Man Gets No Jail For Killing 2-Year-Old, Because Living With Remorse Is Enough
Decatur, IL – An Illinois man who fatally shot his two-year-old nephew while playing “cops and robbers” was sentenced to two years of probation on Wednesday.
Macon County Circuit Court Judge Jeffrey Geisler said that Zachary Pherigo, 18, had expressed remorse for killing the toddler and that his greatest punishment would be having to live with the consequences of what he had done, the Herald & Review reported.
The incident occurred at approximately 8:40 a.m. on Oct. 16, 2017, while Pherigo was babysitting his nephew, two-year-old Justin Lee Murphy, Jr., according to the Herald & Review.
Pherigo, who was 17 at the time, claimed that he found a .45 caliber semiautomatic handgun near a dumpster the day prior, and that he pointed the weapon at his nephew as they were playing “cops and robbers,” police said.
He aimed the weapon at Justin and told him not to move, then pulled the trigger and shot the toddler in the back.
Pherigo said he did not realize the gun was loaded.
According to investigators, Pherigo said that he carried the baby into the house, then tried to stop his bleeding using a blanket.
He ultimately left the dying child and went outside, where he retrieved the weapon and shell casing.
Pherigo stashed the gun in a cabinet and placed the casing into his pocket.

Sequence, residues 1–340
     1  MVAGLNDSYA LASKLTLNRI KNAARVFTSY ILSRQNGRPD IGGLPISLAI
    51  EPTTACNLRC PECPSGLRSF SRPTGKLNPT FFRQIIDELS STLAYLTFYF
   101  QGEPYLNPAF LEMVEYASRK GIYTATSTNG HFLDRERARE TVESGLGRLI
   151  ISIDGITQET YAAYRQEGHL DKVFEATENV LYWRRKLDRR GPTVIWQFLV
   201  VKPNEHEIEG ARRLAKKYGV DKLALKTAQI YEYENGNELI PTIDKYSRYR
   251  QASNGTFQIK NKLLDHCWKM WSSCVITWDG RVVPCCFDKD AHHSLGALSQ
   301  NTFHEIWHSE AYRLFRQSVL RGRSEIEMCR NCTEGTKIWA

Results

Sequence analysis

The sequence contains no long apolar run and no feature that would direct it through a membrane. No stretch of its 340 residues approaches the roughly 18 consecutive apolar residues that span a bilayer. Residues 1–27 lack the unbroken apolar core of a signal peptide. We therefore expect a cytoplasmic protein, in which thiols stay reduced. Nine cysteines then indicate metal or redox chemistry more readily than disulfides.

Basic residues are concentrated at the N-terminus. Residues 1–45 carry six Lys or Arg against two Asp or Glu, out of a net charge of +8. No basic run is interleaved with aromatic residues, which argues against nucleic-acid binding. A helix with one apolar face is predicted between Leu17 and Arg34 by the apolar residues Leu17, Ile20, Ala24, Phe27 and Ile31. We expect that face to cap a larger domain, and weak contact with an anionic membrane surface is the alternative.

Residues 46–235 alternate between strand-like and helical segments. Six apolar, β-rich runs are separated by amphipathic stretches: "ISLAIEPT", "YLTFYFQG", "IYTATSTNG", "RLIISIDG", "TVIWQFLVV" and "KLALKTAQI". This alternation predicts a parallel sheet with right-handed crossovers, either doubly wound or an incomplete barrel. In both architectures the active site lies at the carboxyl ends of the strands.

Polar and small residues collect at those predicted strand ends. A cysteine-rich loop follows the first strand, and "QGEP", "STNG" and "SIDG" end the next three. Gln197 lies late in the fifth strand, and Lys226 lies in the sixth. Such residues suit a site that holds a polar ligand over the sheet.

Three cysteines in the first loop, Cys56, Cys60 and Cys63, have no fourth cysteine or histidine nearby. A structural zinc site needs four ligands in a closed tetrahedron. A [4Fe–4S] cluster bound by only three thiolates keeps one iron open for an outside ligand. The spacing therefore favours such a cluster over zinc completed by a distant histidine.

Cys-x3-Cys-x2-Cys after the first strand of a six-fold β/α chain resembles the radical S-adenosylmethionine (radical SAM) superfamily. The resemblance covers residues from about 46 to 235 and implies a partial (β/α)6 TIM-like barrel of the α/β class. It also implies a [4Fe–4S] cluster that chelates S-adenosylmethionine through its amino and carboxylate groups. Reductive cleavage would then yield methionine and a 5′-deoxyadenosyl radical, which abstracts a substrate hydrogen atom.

Prosecutors initially charged Pherigo as an adult with first-degree murder, the Associated Press reported.
That charge was dropped in March, after Pherigo pleaded guilty to involuntary manslaughter, aggravated discharge of a firearm, and obstruction of justice for lying to police earlier in the investigation, the Herald & Review reported.
As part of the plea deal, prosecutors also agreed not to seek a sentence enhancement for use of a firearm.
After he entered his guilty pleas, Pherigo waved to his family members as he was led out of the courtroom.
On Wednesday, Pherigo’s mother, Christina Pherigo, told the court that her son suffered from an intellectual disability and that he was very close to Justin.
It was not immediately clear if Pherigo has an actual diagnosed disability, or if his mother was just expressing her opinion about his intelligence.
Assistant Macon County State’s Attorney Kate Kurtz urged the court to impose some period of prison time for the killing, but noted that Justin’s parents had approved of the plea agreement.
Geisler said he was willing to “take a chance” on Pherigo by allowing him to serve his sentence on probation, the Herald & Review reported.
He was sentenced to just 48 months of probation for aggravated discharge of a firearm.
Geisler also sentenced Pherigo to 180 days in jail, but gave him credit for the 235 days he had been locked up prior to sentencing, so he won’t serve any additional time in custody for the murder.
Due to “one act, one crime” legal requirements, he was not separately sentenced for involuntary manslaughter, because the conduct that was the basis of both convictions was identical.
Geisler sentenced Pherigo to 30 months of probation for the obstruction offense and ordered that the sentence run concurrently with the previously imposed probation term.
He also ordered Pherigo to complete a mental health evaluation.